...is the process by which we create, discover, learn and grow with those we cherish most.


fall is here! well... sort of.

Sleeping in

Fall is officially here... even though we still have our AC on... and it's still in the high 80s, the kids and I are so happy that fall is here... which means the kids and I get to snuggle a little bit longer in our bed, and wake up to sweet potato pancakes!

Sweet Potato Pancakes

It's a simple recipe I got from Deceptively Delicious, where pureed sweet potato intensifies their nutritional value of a maple syrup saturated breakfast. Add a dash of pumpkin spice and even our mouths are welcoming fall!

Too sweet

Sweet Potato Pancakes

And Ava of course asks at breakfast, "can we go collect fallen leaves now?" And I have to explain to her unfortunately that being in the south just makes our seasons complicated. Fall is too short of a season for us to enjoy - where here, we can expect it to drop 20 degrees overnight, any day now... so she asks if she can go swimming instead. Not a bad idea...


Welcome fall - although you are technically here, we can't wait to feel you...

a subscription to travel, learning, fun

Lately, I've been thinking about how to connect the kids beyond our circle of playmates, toys, books, cartoons, the computer, and so on... And of course - it has to be special... educational. And fun. Is that not a tall order or what?

So I've done a little homework for myself - by first thinking about what I enjoyed as a kid... and one of the first things that came to mind was when my best friend and I exchanged letters when she moved to Brazil after Kindergarten. Over the course of the years (and still to this day), we have conn
ected through words (and when we were younger - through stickers!). It was such a great feeling - beginning with the simple arrival of a colored envelope addressed just to me. So I knew I had to start here...

And that's when I came across this wonderful new product online called Little Passports - a Global Adventure - a subscription to a travel magazine - but it's not a magazine per say - that would come in the mail, but rather a monthly way to explore, learn, and read about other cultures using
tangible items that really give the child a hands-on type of traveling experience.

Here's how it works: Choose a traveler plan (3-12 month options), to enroll into the program. Your first package will include a small suitcase, passport, world map, and an intro to the fictional globe trotters, "Sam & Sophia." Also included are secret codes that we could use on the website to access games and activities... (we can't get away from technology I suppose...)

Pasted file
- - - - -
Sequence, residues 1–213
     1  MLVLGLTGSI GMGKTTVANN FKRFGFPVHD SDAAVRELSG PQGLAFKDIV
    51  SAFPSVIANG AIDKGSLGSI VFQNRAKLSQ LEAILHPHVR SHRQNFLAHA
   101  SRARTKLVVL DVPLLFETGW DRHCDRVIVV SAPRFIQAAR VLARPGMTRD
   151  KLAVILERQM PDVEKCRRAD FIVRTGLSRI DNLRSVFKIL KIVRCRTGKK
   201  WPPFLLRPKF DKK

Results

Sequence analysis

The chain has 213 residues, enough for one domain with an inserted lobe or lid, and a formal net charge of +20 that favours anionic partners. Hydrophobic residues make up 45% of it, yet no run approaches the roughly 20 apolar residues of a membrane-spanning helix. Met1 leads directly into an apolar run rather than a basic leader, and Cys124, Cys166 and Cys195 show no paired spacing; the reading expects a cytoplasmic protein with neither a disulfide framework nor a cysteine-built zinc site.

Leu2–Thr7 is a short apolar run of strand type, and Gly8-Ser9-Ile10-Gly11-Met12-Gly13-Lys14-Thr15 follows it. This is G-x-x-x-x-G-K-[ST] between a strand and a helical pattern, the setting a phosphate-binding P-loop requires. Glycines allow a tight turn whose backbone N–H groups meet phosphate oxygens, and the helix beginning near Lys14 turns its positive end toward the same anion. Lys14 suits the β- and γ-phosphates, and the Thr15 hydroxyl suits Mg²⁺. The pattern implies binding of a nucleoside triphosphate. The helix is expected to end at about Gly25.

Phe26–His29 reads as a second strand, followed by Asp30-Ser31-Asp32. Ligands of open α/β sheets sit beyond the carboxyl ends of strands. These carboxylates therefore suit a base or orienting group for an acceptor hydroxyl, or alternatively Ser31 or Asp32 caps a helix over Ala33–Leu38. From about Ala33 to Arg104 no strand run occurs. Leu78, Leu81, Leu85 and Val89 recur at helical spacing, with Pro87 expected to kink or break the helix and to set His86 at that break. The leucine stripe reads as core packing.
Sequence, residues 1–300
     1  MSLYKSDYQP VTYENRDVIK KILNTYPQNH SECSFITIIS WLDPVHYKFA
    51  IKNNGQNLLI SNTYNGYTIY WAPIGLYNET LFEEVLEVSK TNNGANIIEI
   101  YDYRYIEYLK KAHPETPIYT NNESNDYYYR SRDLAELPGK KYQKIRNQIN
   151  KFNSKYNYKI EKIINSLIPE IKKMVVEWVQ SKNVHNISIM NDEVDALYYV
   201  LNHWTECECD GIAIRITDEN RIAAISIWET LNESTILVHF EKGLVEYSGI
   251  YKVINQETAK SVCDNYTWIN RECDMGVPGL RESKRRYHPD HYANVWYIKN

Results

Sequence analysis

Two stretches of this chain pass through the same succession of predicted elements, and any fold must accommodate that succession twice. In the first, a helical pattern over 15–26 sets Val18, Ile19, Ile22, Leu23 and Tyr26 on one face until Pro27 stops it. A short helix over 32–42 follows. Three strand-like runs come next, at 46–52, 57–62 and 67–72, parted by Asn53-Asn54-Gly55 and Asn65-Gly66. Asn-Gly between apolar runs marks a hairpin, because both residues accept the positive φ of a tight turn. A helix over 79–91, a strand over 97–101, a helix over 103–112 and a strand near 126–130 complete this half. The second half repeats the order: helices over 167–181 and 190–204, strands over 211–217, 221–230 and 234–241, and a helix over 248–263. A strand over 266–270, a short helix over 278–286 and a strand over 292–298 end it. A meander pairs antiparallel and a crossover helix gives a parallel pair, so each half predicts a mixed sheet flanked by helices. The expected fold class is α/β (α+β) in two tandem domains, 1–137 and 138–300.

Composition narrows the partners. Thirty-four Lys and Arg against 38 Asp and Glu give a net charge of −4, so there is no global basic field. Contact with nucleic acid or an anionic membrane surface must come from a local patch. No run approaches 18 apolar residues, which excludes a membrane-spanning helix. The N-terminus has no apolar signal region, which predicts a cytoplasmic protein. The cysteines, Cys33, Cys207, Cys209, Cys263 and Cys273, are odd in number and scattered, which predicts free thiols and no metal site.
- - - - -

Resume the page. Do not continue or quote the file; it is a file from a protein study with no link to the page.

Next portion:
Each month you're subscribed for, a parcel will come in the mail about a country the characters have visited, and will include souvenirs, educational fun facts, and so on... how cool is that? Yes very! And I will venture to say that although I think this concept is brilliant, I also think that this can easily turn into junk mail after a few months.

Because as with most things that we invest and buy for our children - embracing new things ourselves first - whether that's food, a book, or an educational toy - will be far more successful in their acceptance, and not to mention, enhance their learning. So for me - this will be the motivational starter kit that I have been searching for to help our kids really engage in other cultures, while also fostering their love for travel... like Aaron and I have...

I'm already thinking of ideas for some of the locations ... for example, for Japan, (photo above) - we could extend the learning by exploring right here in our own town and visit some of the Asian markets - or let our palettes experience some of it too, like cooking tempura vegetables (mmm... one of my favorites) or trying sushi with the kids... Noah would get a kick out of using chopsticks and Ava would love to make origami birds to hang above her bed... The ideas are endless...

If you want to take part in this family adventure right now though, SavvySource is running a special national discount on your first 3 months (including the starter package) for only $23.

I'm sure there are other wonderful resources out there that we could use to bring the world to our kids - if you come across any, please leave a comment!

Eid Mubarak

Eid Mubarak! (Blessed Eid)... We had a great family celebration this past weekend - and the kids have officially declared, "Eid is the best Mom!"

Eid 2010

Eid 2010

Eid 2010

Other than the unraveling of gifts we were blessed to give our children, our holy month,
Ramadan, allowed us to devote some extra time to the learning, understanding and celebration of our personal faiths - of being thankful to God, reflecting on our individual selves, and spending time with our loved ones...

Eid 2010

Eid 2010

Teaching our children about our religion can be somewhat trivial for Aaron and I - as both of us respectfully practice different faiths. And at the same time, very natural to the two of us, as we both teach from our hearts -

And while we have Ramadan each year to help us reset - and then the wonderful festivities of Eid, there are also opportunities within each day to parent from this perspective as well. As the kids continue to grow, continue to question... our answers to sometimes the unexplainable are under scrutiny by the most curious minds. With the passing of my cousin this past summer, I shared my sadness with Ava. Truth be told, I felt she was too young to understand - but she amazed me in her sincerity and compassion (my, what our kids teach us!). And talking about these complex facts of life at such a young age, I have discovered, is a natural part of who we are as a family - questioning, answering, and figuring out what it means, together -

This past Ramadan was a good time for us to talk more about our faiths, and introduce more concepts... We spent one afternoon recreating a chapter from My First Quran using shapes I had cut out of construction paper the night before.